Abstracts (first author)
Hybrid songbirds employ intermediate routes in migratory divide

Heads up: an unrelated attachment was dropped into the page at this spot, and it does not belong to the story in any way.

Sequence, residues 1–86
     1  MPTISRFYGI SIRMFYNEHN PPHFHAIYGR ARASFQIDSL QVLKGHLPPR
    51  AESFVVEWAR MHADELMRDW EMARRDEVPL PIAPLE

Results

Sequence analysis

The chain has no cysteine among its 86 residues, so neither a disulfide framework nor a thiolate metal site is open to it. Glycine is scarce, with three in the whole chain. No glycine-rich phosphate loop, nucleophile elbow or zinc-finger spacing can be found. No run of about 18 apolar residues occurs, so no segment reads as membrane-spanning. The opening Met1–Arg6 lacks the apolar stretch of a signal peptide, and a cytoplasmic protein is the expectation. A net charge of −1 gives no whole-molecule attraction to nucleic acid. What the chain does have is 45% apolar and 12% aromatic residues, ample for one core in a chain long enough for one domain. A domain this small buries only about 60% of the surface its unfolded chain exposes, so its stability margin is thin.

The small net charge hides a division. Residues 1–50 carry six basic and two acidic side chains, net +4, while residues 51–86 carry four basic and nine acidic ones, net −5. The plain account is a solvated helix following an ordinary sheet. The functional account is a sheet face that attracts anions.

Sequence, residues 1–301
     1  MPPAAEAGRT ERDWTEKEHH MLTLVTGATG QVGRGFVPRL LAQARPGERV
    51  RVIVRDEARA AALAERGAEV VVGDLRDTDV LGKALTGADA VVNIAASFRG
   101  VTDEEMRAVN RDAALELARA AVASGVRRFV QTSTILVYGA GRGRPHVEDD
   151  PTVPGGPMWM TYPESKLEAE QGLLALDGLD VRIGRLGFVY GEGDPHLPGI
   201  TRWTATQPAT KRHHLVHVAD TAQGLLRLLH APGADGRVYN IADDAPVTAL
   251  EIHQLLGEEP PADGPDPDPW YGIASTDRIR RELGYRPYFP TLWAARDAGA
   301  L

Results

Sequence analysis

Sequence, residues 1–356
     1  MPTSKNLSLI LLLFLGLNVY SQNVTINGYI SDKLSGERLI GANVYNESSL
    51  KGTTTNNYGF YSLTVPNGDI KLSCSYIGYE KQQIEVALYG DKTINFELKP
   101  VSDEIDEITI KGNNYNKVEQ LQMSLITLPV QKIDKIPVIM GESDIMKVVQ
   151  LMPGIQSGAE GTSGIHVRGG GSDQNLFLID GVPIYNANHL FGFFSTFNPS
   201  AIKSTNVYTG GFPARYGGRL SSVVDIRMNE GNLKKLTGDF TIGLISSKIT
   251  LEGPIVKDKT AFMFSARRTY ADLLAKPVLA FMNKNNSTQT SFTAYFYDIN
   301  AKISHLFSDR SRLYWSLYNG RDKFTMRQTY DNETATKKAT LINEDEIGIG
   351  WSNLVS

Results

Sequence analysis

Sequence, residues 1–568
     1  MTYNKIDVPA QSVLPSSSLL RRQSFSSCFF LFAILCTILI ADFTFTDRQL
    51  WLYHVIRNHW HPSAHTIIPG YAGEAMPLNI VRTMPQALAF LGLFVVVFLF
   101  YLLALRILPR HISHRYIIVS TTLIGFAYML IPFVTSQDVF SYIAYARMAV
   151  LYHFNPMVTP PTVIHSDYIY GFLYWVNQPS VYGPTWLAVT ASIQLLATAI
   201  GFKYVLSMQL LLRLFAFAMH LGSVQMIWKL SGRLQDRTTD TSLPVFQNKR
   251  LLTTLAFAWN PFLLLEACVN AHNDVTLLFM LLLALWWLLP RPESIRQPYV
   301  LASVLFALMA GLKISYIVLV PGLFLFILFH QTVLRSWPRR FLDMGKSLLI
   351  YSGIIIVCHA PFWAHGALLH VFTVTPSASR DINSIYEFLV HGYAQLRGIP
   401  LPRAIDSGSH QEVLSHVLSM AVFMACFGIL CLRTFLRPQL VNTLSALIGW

Seasonal migration may play a significant role in speciation; many divergent populations breed adjacent to one another while using different routes to reach their wintering grounds (i.e., form migratory divides). Migratory orientation is largely genetically determined in these populations and often involves navigation around geographic barriers. Accordingly, hybrids have been predicted to employ intermediate routes that are inferior to those of parental forms. We provide the first direct test of this hypothesis here, by attaching light-level geolocators to birds in a narrow hybrid zone between two groups of Swainson’s thrushes that form a migratory divide in western North America. Most of these birds employed intermediate routes, navigating over large geographic barriers. The remainder employed a mixed strategy, using the same route as one parental form on fall migration and the other on spring migration. Data from age ratios and cline analyses further suggests that hybrids survive at lower rates than parental forms and are selected against. Together, these results provide strong support for the migratory divide hypothesis and represent one of few established examples in which a behavioral trait reduces hybrid fitness, thereby promoting speciation.